He said he sat on the edge of the bed and the woman had reached over to him. He said she was touching him “in the private areas” and he began to unbutton his jeans and pull them down.

Goodwillie said: “I got on the bed. She is facing away from Robbo. I think they were having sex at this stage. She was facing away, crouching down and Robbo is behind her.”

He said the woman started performing oral sex on him. Miss Bain asked him if had sensed that she was unhappy about that or did not know what she was doing. he replied: “No.”

Goodwillie (27) said he thought that Robertson’s phone had vibrated. The sex stopped and Robertson left the room but returned shortly afterwards and asked him and the woman if they were OK together and they both replied fine.

Robertson said he had to leave but never gave an explanation. Goodwillie was asked how the woman reacted and said: “I don’t think she was happy.”

He said after his then teammate left he and the woman were kissing and that led to intercourse. Afterwards she went to the bathroom and he heard her giggling.

He said she then went to another bedroom and got under the covers. He had spoken to her and told her he wanted to go home, but she said she was staying

“I didn’t want to leave her there either. She was having none of it and wanted to stay,” he said.

Goodwillie said he thought she swore at him when he left. He told the court: “I think she said ‘Fuck off then’.”

He made his way back to his car in Bathgate and drove back to Stirling.

Simon Di Rollo QC, for the woman, asked him at what point in the evening he had formed the intention to have intercourse with her. He replied: “It wasn’t until I was in the room.”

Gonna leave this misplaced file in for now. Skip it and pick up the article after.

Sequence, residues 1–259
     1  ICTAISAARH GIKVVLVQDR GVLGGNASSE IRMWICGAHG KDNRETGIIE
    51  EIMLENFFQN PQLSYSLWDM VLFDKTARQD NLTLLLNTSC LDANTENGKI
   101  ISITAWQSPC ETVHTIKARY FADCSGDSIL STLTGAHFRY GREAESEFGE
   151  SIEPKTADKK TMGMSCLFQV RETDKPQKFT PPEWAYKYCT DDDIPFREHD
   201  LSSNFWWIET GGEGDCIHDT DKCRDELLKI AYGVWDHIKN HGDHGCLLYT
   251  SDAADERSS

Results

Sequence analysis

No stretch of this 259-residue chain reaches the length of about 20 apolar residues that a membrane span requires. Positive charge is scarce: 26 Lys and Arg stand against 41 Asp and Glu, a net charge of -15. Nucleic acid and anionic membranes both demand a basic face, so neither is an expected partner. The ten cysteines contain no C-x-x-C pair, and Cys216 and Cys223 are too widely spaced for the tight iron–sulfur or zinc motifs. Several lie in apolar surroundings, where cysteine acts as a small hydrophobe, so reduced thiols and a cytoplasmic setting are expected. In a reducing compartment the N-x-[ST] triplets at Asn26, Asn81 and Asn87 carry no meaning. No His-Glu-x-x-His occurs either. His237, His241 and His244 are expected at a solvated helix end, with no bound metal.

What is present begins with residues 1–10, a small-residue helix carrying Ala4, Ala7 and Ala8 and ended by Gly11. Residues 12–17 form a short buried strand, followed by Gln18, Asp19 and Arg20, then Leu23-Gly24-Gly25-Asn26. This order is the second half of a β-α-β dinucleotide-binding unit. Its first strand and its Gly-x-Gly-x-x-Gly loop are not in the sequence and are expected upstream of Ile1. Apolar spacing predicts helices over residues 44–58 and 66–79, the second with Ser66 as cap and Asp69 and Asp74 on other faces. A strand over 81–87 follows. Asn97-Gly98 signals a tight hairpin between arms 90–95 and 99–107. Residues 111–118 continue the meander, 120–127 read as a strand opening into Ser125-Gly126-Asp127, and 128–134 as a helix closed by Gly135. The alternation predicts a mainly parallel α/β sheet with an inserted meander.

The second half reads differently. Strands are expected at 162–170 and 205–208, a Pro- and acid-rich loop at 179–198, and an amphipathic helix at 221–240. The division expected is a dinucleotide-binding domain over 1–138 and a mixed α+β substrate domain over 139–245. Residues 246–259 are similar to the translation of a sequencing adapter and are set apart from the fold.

He asked him if he had no intention of having sex with her when they were in the taxi and he replied: “No.”

Mr Di Rollo said: “Did you say in the taxi ‘I have got to do my duty’?”. Goodwillie said: “No. I don’t remember saying that.”

Goodwillie agreed that he had been interested in the other woman who had been on a night out and that she turned him down.

The 30-year woman is suing former Goodwillie and ex-St Johnstone player Robertson after raising a £500,000 damages claim at the Court of Session in Edinburgh. The court was told that the amount of compensation to be paid to the woman if she succeeds in the action has been agreed. The sum was not disclosed.

The woman, who gave evidence earlier in the case, returned to court today to listen to Goodwillie’s testimony.

In the case she alleges that both men raped her in the early hours of January 2 in 2011 at a flat in Armadale, in West Lothian. It is claimed that she was incapable because of the effect of alcohol of giving free agreement at the time when intercourse took place.

She had gone out for the evening in nearby Bathgate with a friend and been at a pub and Chalmers nightclub. It is said she left the club shortly after 2 am and was “visibly and obviously severely intoxicated”.

It is said the footballers offered her a lift home in a taxi they had hailed but the driver was requested to drop all three at a flat in Armadale.

In the action for the woman it is said: “The defenders (Goodwillie and Robertson) took the pursuer into the flat and raped her there in the early hours of the morning. Both defenders were aware of sexual conduct of the other toward the pursuer.”

It is alleged that neither of the men had a reasonable belief that she consented to sexual intercourse.

It is claimed that the woman was left in the flat unconscious. She woke later in the morning alone and naked.

Former Blackburn Rovers player Goodwillie and Robertson, of Bathgate, deny the allegation and maintain that intercourse was consensual. Neither was prosecuted.

They claim that CCTV footage shows the woman was capable of walking, holding a conversation and using her mobile phone.

It is said she engaged in conversation and walked without difficulty from the taxi to the flat at Greig Crescent, Armadale.

The woman, who is designed as care of an Edinburgh solicitors firm, is said to suffered “hate mail” on the internet. She earlier told the court that one person made a threat which resulted in a prosecution.

The hearing before Lord Armstrong continues.

’Like’ The Scotsman on Facebook for regular updates

DOWNLOAD THE SCOTSMAN APP ON ITUNES OR GOOGLE PLAY